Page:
Universities Practice New Approach to Interprofessional Education

A pharmacy compounding club at the Washington State University College of Pharmacy and Pharmaceutical Sciences has implemented a new approach to interprofessional education (IPE), partnering with a medical dermatology club from Pacific Northwest University of Health Sciences.

A pharmacy compounding club at the Washington State University College of Pharmacy and Pharmaceutical Sciences has implemented a new approach to interprofessional education (IPE) in a partnership with a medical dermatology club from Pacific Northwest University of Health Sciences. The program was made effective during the 2018-2019 academic year.

The results and findings of the program were presented in a poster at the 2019 Annual Meeting of the American Association of Colleges of Pharmacy in Chicago. The authors included professionals from both schools.

While interprofessional education opportunities are frequently incorporated into pharmacy school curricula, these 2 clubs instituted a student-teach-student model set in the compounding lab, with the aim of implementing a recurring, interactive, student-taught IPE session for pharmacy students and doctor of osteopathic medicine students. The ultimate goal was to establish the norms of collaborative health care teams for students before they enter the professional field.

Each IPE session functioned as a 2-hour interactive session offered once each semester. Roughly 25-30 students participated in each session, including pharmacy students in years 1-3 and medical students in years 1-2. Faculty facilitated the program and advised students as they developed and delivered most of the content.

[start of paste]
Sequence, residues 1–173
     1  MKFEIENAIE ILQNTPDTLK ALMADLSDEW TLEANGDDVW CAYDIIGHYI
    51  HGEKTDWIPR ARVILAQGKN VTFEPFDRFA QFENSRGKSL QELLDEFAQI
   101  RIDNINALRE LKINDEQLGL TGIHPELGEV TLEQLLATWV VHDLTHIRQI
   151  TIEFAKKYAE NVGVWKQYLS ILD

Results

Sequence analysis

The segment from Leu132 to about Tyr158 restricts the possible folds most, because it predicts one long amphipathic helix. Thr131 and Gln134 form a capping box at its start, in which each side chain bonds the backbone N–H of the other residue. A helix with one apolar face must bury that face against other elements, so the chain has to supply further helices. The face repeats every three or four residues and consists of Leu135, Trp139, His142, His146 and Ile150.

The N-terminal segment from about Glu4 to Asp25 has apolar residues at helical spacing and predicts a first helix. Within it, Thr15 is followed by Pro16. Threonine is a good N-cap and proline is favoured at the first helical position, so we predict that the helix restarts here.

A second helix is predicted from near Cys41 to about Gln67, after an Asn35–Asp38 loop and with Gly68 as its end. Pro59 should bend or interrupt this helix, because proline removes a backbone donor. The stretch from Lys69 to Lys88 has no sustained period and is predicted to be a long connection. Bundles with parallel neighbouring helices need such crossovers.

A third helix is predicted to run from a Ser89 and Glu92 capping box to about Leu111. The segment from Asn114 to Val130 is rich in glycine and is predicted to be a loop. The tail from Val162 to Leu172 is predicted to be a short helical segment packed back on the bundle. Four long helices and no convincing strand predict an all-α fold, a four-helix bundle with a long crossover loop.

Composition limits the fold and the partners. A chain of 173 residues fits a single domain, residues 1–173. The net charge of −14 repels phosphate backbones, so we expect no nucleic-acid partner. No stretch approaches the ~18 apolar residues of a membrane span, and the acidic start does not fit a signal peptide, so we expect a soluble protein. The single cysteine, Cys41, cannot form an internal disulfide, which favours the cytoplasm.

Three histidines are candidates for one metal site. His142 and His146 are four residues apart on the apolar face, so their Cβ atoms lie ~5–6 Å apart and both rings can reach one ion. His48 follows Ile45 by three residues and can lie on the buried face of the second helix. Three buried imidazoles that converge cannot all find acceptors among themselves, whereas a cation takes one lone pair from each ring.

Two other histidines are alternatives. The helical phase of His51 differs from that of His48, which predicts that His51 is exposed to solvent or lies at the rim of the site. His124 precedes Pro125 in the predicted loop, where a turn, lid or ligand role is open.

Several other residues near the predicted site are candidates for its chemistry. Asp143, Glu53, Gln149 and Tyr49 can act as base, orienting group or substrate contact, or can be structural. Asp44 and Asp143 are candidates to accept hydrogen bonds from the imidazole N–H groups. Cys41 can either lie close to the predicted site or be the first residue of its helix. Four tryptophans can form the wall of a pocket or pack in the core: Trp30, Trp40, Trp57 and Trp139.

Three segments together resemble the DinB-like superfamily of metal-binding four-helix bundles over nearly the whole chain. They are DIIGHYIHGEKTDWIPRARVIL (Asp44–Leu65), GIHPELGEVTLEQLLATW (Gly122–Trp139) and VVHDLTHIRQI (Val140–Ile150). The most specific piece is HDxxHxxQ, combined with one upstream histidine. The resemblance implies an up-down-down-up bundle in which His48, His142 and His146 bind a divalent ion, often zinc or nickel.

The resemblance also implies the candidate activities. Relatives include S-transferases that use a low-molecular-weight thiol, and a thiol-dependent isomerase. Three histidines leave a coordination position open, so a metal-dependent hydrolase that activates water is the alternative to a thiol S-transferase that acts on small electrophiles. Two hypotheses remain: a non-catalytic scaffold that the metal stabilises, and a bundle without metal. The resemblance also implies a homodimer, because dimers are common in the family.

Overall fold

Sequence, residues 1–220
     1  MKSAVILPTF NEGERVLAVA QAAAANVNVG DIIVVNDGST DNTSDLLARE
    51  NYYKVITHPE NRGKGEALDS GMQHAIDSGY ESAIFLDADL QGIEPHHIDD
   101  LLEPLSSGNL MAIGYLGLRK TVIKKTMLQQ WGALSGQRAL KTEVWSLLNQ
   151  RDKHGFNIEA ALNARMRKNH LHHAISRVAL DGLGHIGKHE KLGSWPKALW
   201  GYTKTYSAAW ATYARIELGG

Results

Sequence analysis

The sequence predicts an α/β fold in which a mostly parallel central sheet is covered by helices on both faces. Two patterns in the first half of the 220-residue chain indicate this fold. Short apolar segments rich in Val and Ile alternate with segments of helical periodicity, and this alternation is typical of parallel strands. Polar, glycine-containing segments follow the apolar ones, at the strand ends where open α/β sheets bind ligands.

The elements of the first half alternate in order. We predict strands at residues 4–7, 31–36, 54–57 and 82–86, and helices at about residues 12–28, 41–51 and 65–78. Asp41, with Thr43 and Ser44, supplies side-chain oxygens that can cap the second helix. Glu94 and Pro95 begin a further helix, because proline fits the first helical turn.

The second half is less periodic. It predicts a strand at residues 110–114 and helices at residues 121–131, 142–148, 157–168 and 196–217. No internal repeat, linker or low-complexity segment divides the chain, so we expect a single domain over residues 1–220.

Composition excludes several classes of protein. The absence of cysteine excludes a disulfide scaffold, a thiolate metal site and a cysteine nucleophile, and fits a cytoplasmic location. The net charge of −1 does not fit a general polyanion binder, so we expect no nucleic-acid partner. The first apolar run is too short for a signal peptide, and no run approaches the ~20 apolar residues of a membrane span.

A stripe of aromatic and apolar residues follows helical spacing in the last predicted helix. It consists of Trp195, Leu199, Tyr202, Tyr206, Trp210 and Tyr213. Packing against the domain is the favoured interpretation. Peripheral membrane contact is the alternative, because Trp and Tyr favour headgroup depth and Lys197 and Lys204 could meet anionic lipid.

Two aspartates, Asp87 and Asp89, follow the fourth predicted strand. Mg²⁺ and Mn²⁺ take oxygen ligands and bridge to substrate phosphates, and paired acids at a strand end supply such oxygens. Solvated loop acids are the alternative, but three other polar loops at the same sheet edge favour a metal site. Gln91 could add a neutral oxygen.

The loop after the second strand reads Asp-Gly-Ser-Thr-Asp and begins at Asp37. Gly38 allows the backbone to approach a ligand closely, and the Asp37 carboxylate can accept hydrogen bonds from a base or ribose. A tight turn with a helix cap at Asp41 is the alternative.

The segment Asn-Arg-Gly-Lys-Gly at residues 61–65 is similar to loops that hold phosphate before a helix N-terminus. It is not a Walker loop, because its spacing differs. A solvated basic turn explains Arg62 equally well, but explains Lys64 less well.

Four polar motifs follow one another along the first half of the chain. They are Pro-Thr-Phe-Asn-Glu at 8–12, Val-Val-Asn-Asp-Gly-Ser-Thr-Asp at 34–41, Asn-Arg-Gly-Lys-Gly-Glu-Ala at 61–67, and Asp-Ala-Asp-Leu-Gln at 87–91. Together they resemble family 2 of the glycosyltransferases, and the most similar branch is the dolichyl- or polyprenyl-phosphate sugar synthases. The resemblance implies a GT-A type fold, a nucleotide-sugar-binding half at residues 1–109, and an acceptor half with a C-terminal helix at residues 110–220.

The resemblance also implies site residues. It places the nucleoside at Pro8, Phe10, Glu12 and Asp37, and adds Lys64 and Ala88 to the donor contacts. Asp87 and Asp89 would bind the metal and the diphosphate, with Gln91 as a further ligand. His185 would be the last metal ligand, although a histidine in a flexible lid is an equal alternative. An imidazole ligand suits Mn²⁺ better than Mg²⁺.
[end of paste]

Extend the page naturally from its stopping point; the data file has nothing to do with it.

Each discipline—pharmacy and osteopathic medicine—delivered a presentation and led an activity to illustrate their respective roles in patient care.

The sessions involved 6 steps: planning, topic selection, content development, medical student presentations, pharmacy student presentations, and student reflections.

The sessions revealed a discernable imbalance in the amount of new knowledge gained by students in each discipline: content presented by pharmacy students was almost exclusively new to osteopathic medicine students, while content presented by osteopathic medicine students had largely been covered in the pharmacy curriculum.

Pharmacy students did, however, gain experience in delivering educational materials by taking on additional teaching responsibilities.

The authors found that the student-teach-student model of learning has many benefits, ranging from increased confidence to leadership development.

Based on their observations, the authors recommended that future measures of success for the sessions be reevaluated to include more discipline-specific objectives, including new knowledge and skills gained.

While this IPE program is designed for use with the dermatology club, the authors also emphasized that many medical specialties utilize compounding, and thus could be included in similar sessions.

The authors concluded that student-teach-student IPE opportunities offer pharmacy students the chance to improve their confidence in educating others, as well as offers medical students the chance to expand their knowledge. They plan to collaborate with other specialties on similar student-teach-student projects and to develop unique objectives for students in various disciplines.

Reference

Darst E, Brand-Eubanks D, Scott M. "A Novel IPE Collaboration Between a Pharmacy Compounding Club and a Medical Dermatology Club." Presented at: 2019 Annual Meeting of the American Association of Colleges of Pharmacy; July 13-17, 2019: Chicago, IL.